Across the United States, over 20,000 miles of land that formerly housed railroad corridors has been converted and reappropriated into public-use trails through a federal program aptly dubbed, “Rails-to-Trails.” The viability of the “Rails-to-Trails” program has been threatened by the Supreme Court’s decision in Martin M. Brandt Revocable Trust v. United States. In Brandt, the Court held that the underlying land in the “Rails-to-Trails” program constitutes an easement granted from the original private landowners to the railroad companies. Accordingly, once the railroad companies abandon the easement, the land reverts back to the original landowners, not the government. This Article analyzes the Brandt opinion and discusses the wide-ranging consequences of the Court’s holding. It begins by providing background on the original land conveyances in the eighteenth century that eventually gave rise to the current litigation in Brandt. It then proceeds to explain the Brandt decision and provide scholarly criticism of the Court’s opinion and reasoning. Finally, the Article concludes by discussing the practical implications of the decision: by holding that the underlying rail corridors are easements that revert to private landowners, the Court opens the door for these private landowners to bring Fifth Amendment Takings claims against the government for converting the rail corridors into public-use trails. Ultimately, this may require the taxpaying public to compensate the private landowners impacted by the “Rails-to-Trails” program.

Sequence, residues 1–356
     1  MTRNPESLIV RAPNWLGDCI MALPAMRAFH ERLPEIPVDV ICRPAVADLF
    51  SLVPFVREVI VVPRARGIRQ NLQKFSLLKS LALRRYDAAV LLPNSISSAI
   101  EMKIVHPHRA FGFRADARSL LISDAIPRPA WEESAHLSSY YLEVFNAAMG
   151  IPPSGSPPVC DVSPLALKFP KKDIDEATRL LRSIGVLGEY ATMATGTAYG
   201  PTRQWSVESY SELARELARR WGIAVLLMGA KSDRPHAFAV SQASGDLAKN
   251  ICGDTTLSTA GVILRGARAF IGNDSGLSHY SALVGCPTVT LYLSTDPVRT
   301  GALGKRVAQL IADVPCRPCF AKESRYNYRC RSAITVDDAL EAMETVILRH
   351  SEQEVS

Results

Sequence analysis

Shelley Ross Saxer,
"Rails-to-Trails" Potential Impact of Marvin M. Brandt Revocable Trust v. United States,
48 Loy. L.A. L. Rev. 345
Available at: http://digitalcommons.lmu.edu/llr/vol48/iss2/4